In the New World, in 1654, 23 “Marrano” refugees fleeing the Dutch colony of Recife, Brazil when it fell to Portugal landed in New Amsterdam — later to become New York — forming the first Jewish community in North America. Canada’s oldest synagogue, Montreal’s Spanish and Portuguese Congregation, grew out of this settlement.

As many as 15 million Brazilians — 10 per cent of the country’s population — can lay claim to Jewish ancestry, according to Helio Daniel Cordeiro, a “Marrano” who converted back to Judaism. Other Marranos fled north from Mexico into the wilderness to escape the tentacles of the Inquisition in the Spanish colony. Their descendants continue to live in New Mexico and Arizona.

Sometimes tensions arose as the “Marranos” tried to reintegrate with their Jewish brethren. The philosopher Benedict (Baruch) Spinoza was excommunicated from the Amsterdam Jewish community in 1656 for heresy when he claimed that the Bible was authored by man.

The remarkable survival of the “Marrano” community of Belmonte came to the world’s attention in 1917. Samuel Schwartz, a Polish-Jewish mining engineer based in Lisbon, was prospecting in the region. One of Belmonte’s inhabitants, desirous of obtaining his patronage, warned him pointedly against having anything to do with one of his competitors. “It is enough for me to tell you,” he said, “that the man is a judeu” — a Jew.

Schwartz had considerable difficulty gaining the community’s confidence. Judaism remained banned in Portugal until 1921, and fear of a renewed Inquisition was pervasive. Cut off and inaccessible, the Marranos of Belmonte thought they and a handful of sister communities were the only “Jews” left in the world.

The stranger was unfamiliar with their secret rites and Portuguese-language prayers. In vain did he protest that Hebrew was the universal language of Jewish devotion. They had not heard of the language. At last, one of the community’s matriarchs who was treated with particular deference asked him sceptically to recite some prayer in the tongue for which he claimed such sanctity.

Schwartz recited the Shema, the Jewish confession of faith — “Hear, O Israel! The Lord is our God. The Lord is one.” (Deut. 6:4) As he pronounced Adonai — the holy euphemism, literally meaning “My Lord,” used by observant Jews in lieu of God’s ineffable four-letter name that gentiles sometimes write as Yahweh or Jehovah — the woman covered her eyes with her hands, an ancient Jewish custom intended to shut out all outside distractions during the recital of this verse.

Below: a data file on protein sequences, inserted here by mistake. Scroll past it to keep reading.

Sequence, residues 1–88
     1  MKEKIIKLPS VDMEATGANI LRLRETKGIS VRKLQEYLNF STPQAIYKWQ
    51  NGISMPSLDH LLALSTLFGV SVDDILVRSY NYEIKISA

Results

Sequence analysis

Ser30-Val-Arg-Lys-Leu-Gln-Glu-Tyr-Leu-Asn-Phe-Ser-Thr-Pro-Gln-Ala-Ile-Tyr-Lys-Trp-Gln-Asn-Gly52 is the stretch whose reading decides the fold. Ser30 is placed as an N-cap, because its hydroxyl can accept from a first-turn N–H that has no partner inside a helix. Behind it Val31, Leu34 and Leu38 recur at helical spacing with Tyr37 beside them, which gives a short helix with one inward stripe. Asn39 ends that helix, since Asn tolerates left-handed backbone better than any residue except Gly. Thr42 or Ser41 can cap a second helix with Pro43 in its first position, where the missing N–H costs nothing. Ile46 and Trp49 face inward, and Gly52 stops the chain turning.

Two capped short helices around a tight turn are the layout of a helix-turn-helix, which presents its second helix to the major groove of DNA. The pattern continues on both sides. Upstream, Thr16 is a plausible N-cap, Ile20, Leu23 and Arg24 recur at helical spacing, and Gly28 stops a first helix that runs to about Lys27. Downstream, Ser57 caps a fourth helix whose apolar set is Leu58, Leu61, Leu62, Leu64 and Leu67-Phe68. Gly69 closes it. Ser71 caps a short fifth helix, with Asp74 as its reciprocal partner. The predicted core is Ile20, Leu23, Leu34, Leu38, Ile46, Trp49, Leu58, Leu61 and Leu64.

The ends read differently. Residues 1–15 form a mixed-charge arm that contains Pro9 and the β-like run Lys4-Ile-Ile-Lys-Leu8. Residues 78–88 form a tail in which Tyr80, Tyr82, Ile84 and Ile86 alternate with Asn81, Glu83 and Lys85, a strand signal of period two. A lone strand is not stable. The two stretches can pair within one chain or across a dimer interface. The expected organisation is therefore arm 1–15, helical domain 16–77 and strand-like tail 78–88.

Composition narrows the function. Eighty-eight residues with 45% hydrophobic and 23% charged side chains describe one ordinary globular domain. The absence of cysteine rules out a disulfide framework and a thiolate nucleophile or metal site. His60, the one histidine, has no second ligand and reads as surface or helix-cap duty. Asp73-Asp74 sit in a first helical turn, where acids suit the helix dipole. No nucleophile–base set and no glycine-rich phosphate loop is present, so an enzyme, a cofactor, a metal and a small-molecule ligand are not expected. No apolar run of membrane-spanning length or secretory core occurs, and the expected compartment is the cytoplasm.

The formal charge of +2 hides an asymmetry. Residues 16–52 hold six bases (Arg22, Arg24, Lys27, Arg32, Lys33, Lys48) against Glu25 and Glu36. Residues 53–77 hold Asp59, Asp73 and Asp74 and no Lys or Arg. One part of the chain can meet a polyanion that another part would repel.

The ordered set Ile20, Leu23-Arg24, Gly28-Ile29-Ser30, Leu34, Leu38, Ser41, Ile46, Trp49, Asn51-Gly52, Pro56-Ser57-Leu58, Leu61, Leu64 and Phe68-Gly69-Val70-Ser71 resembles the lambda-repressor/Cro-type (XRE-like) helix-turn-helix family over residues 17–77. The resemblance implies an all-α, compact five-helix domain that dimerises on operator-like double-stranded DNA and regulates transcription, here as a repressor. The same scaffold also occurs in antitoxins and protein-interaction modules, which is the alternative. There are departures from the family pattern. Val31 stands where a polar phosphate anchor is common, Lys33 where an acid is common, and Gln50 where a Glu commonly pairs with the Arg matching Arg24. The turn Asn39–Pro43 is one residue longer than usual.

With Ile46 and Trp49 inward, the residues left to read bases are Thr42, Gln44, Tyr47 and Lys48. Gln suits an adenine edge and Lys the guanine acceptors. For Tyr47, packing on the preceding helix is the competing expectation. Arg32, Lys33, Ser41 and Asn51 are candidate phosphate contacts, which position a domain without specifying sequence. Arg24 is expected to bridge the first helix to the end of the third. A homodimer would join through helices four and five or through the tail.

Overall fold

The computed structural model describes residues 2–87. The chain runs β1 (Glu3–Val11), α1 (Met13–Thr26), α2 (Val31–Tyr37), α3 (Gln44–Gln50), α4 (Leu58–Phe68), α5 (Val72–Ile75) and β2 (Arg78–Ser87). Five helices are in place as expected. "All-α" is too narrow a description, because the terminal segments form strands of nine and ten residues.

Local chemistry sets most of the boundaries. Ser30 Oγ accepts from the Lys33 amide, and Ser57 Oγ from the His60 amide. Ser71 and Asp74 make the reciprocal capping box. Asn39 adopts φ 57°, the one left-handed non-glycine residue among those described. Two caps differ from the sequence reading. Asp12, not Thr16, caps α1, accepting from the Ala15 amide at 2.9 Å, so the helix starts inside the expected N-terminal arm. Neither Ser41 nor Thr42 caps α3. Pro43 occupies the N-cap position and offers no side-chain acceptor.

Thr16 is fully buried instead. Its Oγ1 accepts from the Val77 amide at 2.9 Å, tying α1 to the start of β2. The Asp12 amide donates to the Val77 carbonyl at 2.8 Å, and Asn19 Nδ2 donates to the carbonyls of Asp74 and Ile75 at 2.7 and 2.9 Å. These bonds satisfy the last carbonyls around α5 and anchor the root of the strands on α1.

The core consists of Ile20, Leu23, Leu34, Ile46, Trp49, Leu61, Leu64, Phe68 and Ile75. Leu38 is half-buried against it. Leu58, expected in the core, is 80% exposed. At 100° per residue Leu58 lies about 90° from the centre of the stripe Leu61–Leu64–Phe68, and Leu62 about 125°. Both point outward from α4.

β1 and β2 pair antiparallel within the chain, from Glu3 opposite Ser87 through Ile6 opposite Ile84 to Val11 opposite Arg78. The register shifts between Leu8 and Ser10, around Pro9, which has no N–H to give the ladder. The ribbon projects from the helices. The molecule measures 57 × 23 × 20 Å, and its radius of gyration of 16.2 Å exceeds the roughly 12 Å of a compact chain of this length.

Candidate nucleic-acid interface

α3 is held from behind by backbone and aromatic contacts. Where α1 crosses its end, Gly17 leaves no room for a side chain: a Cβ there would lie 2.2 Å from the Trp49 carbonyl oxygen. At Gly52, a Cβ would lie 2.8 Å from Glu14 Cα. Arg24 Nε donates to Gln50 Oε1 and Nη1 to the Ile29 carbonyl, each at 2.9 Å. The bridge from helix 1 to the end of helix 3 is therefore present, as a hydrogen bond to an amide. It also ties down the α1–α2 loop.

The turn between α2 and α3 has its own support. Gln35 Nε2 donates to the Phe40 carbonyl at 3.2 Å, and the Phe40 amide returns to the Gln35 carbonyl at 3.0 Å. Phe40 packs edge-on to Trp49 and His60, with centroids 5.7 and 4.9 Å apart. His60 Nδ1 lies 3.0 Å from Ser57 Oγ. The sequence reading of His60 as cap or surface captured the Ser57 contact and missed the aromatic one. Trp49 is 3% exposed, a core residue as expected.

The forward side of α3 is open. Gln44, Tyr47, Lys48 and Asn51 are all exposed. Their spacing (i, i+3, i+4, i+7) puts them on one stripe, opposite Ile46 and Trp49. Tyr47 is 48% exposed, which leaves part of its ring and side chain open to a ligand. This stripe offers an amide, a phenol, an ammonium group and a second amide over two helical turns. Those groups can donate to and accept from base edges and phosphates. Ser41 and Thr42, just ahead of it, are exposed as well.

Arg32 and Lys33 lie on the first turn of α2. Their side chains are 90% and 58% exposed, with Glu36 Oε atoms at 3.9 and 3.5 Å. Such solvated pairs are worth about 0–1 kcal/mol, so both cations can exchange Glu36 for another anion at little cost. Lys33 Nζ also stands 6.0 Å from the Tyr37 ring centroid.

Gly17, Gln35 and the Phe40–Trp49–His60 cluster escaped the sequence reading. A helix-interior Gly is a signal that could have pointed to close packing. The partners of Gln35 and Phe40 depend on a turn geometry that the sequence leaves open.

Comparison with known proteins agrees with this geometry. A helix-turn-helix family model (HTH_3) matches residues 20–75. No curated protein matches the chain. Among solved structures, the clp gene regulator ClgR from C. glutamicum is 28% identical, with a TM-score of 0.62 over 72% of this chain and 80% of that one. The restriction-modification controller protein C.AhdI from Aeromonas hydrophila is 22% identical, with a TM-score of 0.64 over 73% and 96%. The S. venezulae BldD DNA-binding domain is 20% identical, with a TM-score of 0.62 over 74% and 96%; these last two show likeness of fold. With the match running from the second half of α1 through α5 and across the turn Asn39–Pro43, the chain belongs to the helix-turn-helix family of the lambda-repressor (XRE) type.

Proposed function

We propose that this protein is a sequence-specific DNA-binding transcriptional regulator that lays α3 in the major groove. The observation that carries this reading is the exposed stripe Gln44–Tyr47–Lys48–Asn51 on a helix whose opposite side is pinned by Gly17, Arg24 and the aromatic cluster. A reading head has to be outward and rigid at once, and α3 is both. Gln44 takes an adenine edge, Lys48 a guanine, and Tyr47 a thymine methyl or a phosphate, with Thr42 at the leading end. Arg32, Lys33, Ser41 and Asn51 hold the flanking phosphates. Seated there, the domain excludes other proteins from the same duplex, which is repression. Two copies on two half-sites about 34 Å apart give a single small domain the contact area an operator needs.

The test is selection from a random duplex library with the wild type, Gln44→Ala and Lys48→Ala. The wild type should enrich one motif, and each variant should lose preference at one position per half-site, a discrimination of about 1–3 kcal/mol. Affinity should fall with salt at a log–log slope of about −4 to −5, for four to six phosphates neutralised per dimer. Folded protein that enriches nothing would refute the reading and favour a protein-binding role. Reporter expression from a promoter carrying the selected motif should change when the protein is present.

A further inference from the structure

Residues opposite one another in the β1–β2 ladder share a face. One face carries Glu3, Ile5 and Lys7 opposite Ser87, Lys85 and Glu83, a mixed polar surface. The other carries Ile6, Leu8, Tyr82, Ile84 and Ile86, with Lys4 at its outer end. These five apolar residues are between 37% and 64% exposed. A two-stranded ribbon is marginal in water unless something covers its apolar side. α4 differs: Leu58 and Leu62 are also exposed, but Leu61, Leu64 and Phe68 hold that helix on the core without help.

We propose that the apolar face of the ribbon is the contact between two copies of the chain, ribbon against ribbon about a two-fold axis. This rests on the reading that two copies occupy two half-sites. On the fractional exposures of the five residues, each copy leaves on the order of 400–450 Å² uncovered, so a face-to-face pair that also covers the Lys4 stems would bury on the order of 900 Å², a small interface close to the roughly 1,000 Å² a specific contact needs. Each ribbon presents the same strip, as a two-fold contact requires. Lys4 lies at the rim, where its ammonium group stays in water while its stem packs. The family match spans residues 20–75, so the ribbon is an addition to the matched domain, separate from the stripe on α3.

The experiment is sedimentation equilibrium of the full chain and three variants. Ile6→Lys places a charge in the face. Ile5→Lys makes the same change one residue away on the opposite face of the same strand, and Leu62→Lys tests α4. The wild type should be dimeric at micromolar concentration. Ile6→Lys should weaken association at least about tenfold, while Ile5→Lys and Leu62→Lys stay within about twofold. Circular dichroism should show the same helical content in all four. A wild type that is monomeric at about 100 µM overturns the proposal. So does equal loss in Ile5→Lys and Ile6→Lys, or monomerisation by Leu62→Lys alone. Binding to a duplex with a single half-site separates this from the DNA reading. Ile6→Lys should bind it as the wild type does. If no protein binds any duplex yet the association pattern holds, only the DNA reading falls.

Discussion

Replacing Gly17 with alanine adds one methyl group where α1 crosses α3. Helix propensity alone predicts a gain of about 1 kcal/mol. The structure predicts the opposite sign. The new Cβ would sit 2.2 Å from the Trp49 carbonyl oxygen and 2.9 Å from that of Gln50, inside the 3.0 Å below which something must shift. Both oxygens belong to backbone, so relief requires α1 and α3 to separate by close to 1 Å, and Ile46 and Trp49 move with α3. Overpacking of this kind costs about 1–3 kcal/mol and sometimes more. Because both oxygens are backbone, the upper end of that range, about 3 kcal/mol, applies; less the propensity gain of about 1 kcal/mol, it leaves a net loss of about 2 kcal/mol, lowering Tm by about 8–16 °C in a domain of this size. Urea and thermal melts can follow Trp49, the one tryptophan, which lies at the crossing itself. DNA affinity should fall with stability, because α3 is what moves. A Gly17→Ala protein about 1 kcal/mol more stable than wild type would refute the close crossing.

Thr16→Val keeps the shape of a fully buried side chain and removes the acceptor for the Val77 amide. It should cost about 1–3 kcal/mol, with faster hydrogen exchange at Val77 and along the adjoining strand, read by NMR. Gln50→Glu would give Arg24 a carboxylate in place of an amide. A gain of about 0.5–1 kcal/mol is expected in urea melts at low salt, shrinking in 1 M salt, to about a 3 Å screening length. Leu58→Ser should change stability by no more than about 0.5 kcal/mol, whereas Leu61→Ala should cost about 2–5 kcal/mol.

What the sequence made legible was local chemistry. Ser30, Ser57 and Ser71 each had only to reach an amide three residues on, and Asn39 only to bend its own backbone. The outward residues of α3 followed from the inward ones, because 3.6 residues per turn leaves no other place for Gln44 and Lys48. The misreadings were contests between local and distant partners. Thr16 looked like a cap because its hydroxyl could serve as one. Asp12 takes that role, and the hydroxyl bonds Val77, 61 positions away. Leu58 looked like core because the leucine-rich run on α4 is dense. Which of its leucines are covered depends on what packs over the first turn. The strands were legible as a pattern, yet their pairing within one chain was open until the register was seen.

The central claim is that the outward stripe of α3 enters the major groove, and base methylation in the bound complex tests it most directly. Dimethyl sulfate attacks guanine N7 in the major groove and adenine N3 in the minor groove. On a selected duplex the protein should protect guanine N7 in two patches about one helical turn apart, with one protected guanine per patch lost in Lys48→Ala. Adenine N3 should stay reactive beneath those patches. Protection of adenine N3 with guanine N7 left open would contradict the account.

This solitary Hebrew word, preserved orally through the long centuries of subterfuge and persecution, at last reconnected this remnant of the “Marranos” with the outside Jewish world.

Capt. Arturo Carlos de Barros Basto (1887-1961), a hero of Portugal’s 1910 revolution and World War I, dedicated his life to reviving the “Marrano” communities in Belmonte and elsewhere in Trás-os-Montes. Having converted to Judaism in Tangier, and aided by the Portuguese “Marrano” Committee in London, he built a synagogue in Porto and began publishing a missionary newspaper. But Barros Basto’s plans met with little success in the repressive atmosphere of Salazar’s fascist regime in Portugal. He died, almost blind, a disappointed man.

For most of the descendants of the Jews of Spain and Portugal, the work of the Inquisition in smothering freedom of conscience was irreversible. A bare recollection of Jewish descent, perhaps coupled with a few meaningless and moribund traditions, was the last vestige of their once-proud Sephardi heritage.

Gil Kezwer lives in Toronto, Canada and writes extensively about religious affairs.